IMO that should be written on every dojo wall, particularly those that claim to teach effective self-protection.

Gary

Andrew Carr-Locke
Andrew Carr-Locke's picture

Simplicity is the ultimate sophistication

- Leonardo DaVinci

michael rosenbaum
michael rosenbaum's picture

So,

Simplicity + Violent Action = Success.

That's a train of thought uncommon to many dojos today. Its is however (IMO) a train of thought that has to be rooted in not only the mental outlook but the physical application too. For instance making the karate-ka do explosive excercise, cleans-dips-sled pulls-exploding bag drills- etc, that go hand in hand with the mindset of short, fast and done with the fight as opposed to physical exercises that take a long time to perform thereby reinforcing the belief that the encounter with last a long time.

Any comments?

Mike

Jon Sloan
Jon Sloan's picture

"I fear not the man who has practiced 10,000 kicks once, but I fear the man who has practiced one kick 10,000 times." - Bruce Lee.

I agree.

Iain Abernethy
Iain Abernethy's picture

michael rosenbaum wrote:
Simplicity + Violent Action = Success.

That's a train of thought uncommon to many dojos today.

It’s uncommon because people often don’t understanding what works in a real situation and hence superimpose their experience of dojo duelling upon a different form of conflict.

When martial artists fight their own kind in a consensual fight, the complex and indirect can work well as both participants are conditioned to engage in a given way. When one participant does something that falls outside the conditioned paradigm it can catch the other totally off guard.

Because the complex can occasionally work well in the duelling environment, those who only know that one environment often incorrectly assume that the same holds true for other environments.

The other reason people are sometimes reluctant to accept this is that when people say “keep it simple” they feel that is the same as “high skill levels are a waste of time”. Not so! It all depends on how you see skill developing.

Doing ever more complex techniques is not the only way to progress in skill. The best way to progress is to endlessly refine “the simple” so that it becomes as close to flawless as we can achieve and it has been drilled such it will be consistently effective in the chaotic high-stress world of live conflict. Not an easy thing to achieve.

It is in the flawless and effective application of “the simple” that we find the highest levels of skill.

Andrew Carr-Locke wrote:
Simplicity is the ultimate sophistication - Leonardo DaVinci

Never heard that before. But yeah, what he said! :-)

michael rosenbaum wrote:
Its is however (IMO) a train of thought that has to be rooted in not only the mental outlook but the physical application too.

Absolutely! We need to train in the explosive and aggressive delivery of our techniques so we are mentally and physically conditioned to do just that. Introducing distress into the mix is also vital. Intense anaerobic pad drills are great for this. Intense sparring and escape drills are also good.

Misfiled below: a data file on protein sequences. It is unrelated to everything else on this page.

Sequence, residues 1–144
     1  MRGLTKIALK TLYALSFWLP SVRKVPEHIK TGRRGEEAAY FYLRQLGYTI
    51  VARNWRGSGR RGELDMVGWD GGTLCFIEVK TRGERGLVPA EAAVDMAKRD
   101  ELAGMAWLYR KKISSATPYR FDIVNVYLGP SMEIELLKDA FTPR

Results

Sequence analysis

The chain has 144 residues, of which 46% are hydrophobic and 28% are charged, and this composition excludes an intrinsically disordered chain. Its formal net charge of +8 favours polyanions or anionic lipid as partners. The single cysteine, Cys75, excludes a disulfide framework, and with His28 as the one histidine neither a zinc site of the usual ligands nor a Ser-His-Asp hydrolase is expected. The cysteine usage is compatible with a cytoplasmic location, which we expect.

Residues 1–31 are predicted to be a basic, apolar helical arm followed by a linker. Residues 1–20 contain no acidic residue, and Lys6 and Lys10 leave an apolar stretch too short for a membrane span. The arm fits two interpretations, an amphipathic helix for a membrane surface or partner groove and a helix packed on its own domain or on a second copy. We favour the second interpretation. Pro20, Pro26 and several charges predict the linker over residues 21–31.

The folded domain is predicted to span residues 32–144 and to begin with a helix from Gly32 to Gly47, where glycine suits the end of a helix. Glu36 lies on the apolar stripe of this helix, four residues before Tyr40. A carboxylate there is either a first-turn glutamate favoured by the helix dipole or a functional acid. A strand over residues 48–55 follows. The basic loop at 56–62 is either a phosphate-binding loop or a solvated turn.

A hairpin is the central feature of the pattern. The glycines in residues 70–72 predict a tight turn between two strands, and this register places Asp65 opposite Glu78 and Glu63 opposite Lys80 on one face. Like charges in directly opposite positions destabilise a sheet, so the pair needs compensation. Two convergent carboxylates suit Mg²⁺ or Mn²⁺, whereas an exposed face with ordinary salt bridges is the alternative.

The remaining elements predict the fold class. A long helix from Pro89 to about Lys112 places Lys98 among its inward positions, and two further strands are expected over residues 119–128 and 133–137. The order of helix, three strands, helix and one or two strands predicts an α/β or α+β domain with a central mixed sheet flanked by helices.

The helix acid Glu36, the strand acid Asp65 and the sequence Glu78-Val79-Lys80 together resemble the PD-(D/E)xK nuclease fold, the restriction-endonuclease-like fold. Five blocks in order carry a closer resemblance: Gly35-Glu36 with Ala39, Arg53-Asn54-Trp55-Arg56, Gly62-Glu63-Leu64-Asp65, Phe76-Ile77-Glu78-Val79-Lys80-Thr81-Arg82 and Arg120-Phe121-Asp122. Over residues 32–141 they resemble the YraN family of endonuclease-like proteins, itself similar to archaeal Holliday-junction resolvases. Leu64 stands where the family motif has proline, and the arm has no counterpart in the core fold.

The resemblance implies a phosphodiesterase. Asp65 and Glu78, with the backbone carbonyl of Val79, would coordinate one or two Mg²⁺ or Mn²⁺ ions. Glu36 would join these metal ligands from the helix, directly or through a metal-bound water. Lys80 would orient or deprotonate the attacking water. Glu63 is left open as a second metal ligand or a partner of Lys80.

It’s never enough to give a concept lip service. It needs to run through the way we train too if it is to become part of the way we fight.

All the best,

Iain

Dave Dempster
Dave Dempster's picture

Hi Iain, i think your right if i follow the thread properly.? Any Ryu teaches many things but the individual student should look at their teaching as having a toolbox.? One or two techniques will be the ones they use best, however on occassion, you may have to delve deeper for that something that will get the job done, and be surprised that it actually works. A good example may be of your training partner.Who has a mean left hook, i am sure that this surprises a lot of people due to the fact that 90% of people are right handed.? and dont expect it, even more surprising when he lands just as good a right that was equally unexpected.?. I think the old poem of "Dig deep the Sensei Said" springs to mind.

Oss.

swdw
swdw's picture

Goes back to Miyagi's pre WWII method of teaching. One or two kata, small number of techniques learned to great depth and the ability to use reflexively. This has been lost sight of with styles like Shito-ryu with 38 kata.

The idea in their mind is: number of kata= knowledge of karate rather than usability= knowledge

I've actually been told this "Don't you get bored with only the goju kata?" This is from someone that learned more kata in 5 years than our entire system has. Michael is in the same boat as Isshin-ryu does not have a large kata syllabus either. When a person makes a statement like that, it tells me their learning has no depth or they wouldn't be getting bored.

It's one of the reasons I liked the line from Karate Kid- "you worry about quality what you know, not quantity".

Here's an example when you take time . A student of 2 years was working on Saifa. I walked up to him, repositioned his elbows, poked some muscles and said "Pull back with these". When he did and performed the double  hand strike, he got a look of wonder on his face, looked at me and said "that feels totally different, and you generate much more power".  True, and those kind of details and understanding take time to develop.